Feeds

Intel seeks security through app stores

Walled gardens are good for us... er... you

Choosing a cloud hosting partner with confidence

IDF Intel appears to be proposing to turn the x86 software market into an Apple-style apps store, and it's doing so in the name of security. One casualty will be anti-virus software as we know it.

Speaking at IDF this week about Intel's purchase of anti-malware monger McAfee, CEO Paul Otellini spoke of a need to move from a "known bad" to a "known good" model. In essence, that means no longer checking code for known forms of malware after it has been installed but only allowing safe code to be installed in the first place.

Intel's plan is to "give you a trusted machine that only allows in trusted software", Otellini said.

How do you do that? By signing that code with a signature guaranteeing its authenticity and safety, then preventing unsigned code from being run.

This is what Apple does with the iTunes App Store and, to a lesser extent, with Mac OS X 10.6 code. Snow Leopard apps can be signed, but unsigned code will still run. iOS code, on the other hand, will not run unless it's been signed, at least on iDevices that haven't been jailbroken.

Intel already has an app store: AppUp, the Atom-oriented software store it announced last year and opened to the public this week. it's not hard to view AppUp as a prototype for a broader shop that sells all kinds of "trusted" x86 software.

Some users will of course object to this, fearing the PC software market will become an Apple-style walled garden. We can't see the Linux community being keen on such a move either, freedom of code being one of the tenets of the open source culture.

But a fair few mainstream users, we suspect, will be happy with such restrictions if it means they can be sure the software they download is safe to use. The walled garden approach hasn't hindered Apple in any way, iOS users happily downloading dozens of apps irrespective of the limitations, or the security benefits.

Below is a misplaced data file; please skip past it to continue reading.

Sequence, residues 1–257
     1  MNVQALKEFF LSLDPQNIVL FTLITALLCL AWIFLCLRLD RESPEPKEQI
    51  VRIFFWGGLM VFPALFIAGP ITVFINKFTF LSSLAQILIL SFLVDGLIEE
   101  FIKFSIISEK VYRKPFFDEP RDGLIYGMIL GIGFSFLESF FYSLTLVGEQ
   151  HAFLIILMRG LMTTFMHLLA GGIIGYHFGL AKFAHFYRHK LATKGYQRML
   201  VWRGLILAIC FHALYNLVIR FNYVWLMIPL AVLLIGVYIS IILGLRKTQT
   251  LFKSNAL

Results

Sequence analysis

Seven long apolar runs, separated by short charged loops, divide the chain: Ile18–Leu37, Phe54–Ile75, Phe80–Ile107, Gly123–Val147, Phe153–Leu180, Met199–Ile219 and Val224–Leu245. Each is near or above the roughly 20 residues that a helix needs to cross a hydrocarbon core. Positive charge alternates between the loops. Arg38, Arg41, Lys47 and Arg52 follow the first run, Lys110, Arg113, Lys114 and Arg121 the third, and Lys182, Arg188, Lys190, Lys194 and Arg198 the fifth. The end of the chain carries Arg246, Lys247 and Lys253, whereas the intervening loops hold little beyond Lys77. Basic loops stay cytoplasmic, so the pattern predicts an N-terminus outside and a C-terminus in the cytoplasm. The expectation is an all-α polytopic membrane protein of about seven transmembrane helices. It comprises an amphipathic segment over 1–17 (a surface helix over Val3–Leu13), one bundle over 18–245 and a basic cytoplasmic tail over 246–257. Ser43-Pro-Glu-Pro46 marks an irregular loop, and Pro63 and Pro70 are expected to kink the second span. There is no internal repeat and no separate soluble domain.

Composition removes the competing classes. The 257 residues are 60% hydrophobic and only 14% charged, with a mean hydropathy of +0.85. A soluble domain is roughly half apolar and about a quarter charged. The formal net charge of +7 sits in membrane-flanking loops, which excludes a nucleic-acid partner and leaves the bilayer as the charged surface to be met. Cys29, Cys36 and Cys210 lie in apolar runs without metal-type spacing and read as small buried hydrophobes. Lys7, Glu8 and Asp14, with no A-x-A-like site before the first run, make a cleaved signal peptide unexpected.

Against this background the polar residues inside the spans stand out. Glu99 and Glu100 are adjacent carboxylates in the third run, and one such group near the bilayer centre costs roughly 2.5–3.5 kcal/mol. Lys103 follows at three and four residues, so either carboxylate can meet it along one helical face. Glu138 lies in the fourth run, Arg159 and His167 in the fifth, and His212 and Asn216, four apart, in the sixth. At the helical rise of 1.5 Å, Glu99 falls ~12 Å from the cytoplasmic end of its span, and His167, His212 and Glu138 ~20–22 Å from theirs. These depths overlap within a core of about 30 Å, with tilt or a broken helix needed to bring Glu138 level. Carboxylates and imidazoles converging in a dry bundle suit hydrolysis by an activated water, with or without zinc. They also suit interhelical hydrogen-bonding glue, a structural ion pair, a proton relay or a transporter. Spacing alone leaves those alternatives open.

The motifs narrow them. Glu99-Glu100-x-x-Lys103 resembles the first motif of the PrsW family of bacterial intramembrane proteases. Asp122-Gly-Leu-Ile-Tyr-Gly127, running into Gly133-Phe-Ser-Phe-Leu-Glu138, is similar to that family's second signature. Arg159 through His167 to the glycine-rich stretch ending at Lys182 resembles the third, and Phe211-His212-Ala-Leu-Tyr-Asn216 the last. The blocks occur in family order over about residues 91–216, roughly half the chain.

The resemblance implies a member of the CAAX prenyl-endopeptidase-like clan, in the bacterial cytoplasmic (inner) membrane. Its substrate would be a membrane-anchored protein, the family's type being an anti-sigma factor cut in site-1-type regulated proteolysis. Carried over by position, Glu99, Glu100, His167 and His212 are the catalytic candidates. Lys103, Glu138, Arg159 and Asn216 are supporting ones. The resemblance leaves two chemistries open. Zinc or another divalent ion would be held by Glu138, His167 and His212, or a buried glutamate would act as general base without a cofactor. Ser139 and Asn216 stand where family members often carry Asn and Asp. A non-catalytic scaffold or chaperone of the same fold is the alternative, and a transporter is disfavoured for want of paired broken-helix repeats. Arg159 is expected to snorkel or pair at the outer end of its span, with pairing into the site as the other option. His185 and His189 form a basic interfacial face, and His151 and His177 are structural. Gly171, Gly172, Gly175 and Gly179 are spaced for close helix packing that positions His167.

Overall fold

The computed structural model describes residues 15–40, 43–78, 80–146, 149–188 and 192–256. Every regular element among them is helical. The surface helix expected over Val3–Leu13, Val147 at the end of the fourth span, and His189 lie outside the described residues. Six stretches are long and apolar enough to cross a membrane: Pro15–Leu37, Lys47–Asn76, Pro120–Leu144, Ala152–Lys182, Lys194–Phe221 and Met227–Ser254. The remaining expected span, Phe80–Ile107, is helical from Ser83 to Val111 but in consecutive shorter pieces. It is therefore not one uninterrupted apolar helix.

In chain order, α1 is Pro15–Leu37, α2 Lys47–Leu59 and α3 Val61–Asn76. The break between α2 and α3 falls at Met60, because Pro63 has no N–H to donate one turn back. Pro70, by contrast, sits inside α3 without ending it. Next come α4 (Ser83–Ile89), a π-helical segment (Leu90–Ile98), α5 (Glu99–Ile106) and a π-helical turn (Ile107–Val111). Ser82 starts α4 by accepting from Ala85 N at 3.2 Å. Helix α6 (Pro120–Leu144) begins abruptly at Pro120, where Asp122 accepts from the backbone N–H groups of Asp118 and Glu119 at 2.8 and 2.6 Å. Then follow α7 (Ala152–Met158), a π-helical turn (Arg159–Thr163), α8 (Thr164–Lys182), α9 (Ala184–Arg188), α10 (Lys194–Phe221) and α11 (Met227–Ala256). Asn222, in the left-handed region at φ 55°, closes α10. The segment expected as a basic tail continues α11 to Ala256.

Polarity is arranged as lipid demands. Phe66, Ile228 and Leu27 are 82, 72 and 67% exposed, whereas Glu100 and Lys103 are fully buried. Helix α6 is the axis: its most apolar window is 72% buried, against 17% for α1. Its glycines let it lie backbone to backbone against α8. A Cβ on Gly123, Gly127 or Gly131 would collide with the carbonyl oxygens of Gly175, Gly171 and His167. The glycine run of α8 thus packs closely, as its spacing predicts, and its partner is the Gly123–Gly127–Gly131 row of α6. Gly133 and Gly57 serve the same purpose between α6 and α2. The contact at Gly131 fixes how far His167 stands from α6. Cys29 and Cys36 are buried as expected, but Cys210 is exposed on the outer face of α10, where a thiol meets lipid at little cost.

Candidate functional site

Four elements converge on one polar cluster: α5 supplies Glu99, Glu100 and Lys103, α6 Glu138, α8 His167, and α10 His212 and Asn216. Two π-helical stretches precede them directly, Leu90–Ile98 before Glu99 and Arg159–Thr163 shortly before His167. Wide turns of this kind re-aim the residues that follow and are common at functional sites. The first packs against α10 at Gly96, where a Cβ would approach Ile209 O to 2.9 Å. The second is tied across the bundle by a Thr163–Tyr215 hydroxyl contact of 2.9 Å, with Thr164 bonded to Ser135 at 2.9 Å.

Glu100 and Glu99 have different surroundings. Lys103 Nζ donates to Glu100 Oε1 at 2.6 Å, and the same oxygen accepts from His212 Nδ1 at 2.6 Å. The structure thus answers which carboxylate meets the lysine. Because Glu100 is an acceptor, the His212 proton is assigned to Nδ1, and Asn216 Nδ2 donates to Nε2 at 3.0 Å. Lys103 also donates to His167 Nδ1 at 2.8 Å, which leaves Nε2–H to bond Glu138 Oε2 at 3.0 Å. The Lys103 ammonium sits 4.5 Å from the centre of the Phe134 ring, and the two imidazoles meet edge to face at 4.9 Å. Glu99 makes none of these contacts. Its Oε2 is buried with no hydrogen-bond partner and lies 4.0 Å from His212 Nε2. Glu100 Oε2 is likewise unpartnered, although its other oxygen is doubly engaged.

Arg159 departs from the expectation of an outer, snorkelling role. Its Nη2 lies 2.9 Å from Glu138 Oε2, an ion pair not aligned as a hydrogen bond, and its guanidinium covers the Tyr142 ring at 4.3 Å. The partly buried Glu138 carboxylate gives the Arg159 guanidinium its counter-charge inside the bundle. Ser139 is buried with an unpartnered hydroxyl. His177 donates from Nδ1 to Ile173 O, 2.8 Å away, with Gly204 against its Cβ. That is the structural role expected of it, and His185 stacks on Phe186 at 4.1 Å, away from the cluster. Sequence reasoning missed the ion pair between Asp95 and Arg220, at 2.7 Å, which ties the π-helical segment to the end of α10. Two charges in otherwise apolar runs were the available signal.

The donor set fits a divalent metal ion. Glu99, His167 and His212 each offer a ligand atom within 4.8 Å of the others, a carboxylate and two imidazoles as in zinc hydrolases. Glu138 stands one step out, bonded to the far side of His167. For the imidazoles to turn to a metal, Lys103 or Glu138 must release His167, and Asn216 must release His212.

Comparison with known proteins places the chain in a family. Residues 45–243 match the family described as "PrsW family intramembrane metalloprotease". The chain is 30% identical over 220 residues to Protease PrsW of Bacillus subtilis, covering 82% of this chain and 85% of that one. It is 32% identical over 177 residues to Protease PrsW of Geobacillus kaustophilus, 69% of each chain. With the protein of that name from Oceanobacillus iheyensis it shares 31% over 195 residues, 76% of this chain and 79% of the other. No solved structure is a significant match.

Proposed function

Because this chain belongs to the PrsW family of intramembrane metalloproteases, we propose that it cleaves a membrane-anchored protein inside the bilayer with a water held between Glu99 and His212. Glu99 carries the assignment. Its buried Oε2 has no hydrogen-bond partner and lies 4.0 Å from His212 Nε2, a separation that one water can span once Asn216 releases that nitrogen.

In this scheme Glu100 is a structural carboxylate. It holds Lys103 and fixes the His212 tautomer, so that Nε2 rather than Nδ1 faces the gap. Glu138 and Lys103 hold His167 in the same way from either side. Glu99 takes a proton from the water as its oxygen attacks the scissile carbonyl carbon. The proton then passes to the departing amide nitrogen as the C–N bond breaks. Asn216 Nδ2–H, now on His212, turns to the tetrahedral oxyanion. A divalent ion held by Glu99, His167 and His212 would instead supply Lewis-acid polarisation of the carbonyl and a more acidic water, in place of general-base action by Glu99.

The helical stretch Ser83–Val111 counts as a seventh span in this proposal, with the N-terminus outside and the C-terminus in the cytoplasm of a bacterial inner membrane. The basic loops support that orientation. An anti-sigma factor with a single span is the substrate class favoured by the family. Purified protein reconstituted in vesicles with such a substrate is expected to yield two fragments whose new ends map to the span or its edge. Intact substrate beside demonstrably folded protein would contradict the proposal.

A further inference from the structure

So that's the end of anti-virus utilities then? Quite possibly. Only allowing a system to run "trusted" code would inherently prevent malware that's spread through email or rogue websites from executing.

More to the point, by shifting away from the need to compare code against the ever-growing database of malware, there'd be no need for regular virus definition updates that AV vendors' subscription sales model is based upon. ®

Secure remote control for conventional and virtual desktops

More from The Register

next story
Netscape Navigator - the browser that started it all - turns 20
It was 20 years ago today, Marc Andreeesen taught the band to play
Sway: Microsoft's new Office app doesn't have an Undo function
Content aggregation, meet the workplace ... oh
Sign off my IT project or I’ll PHONE your MUM
Honestly, it’s a piece of piss
Return of the Jedi – Apache reclaims web server crown
.london, .hamburg and .公司 - that's .com in Chinese - storm the web server charts
NetWare sales revive in China thanks to that man Snowden
If it ain't Microsoft, it's in fashion behind the Great Firewall
Chrome 38's new HTML tag support makes fatties FIT and SKINNIER
First browser to protect networks' bandwith using official spec
Admins! Never mind POODLE, there're NEW OpenSSL bugs to splat
Four new patches for open-source crypto libraries
prev story

Whitepapers

Forging a new future with identity relationship management
Learn about ForgeRock's next generation IRM platform and how it is designed to empower CEOS's and enterprises to engage with consumers.
Cloud and hybrid-cloud data protection for VMware
Learn how quick and easy it is to configure backups and perform restores for VMware environments.
Three 1TB solid state scorchers up for grabs
Big SSDs can be expensive but think big and think free because you could be the lucky winner of one of three 1TB Samsung SSD 840 EVO drives that we’re giving away worth over £300 apiece.
Reg Reader Research: SaaS based Email and Office Productivity Tools
Read this Reg reader report which provides advice and guidance for SMBs towards the use of SaaS based email and Office productivity tools.
Security for virtualized datacentres
Legacy security solutions are inefficient due to the architectural differences between physical and virtual environments.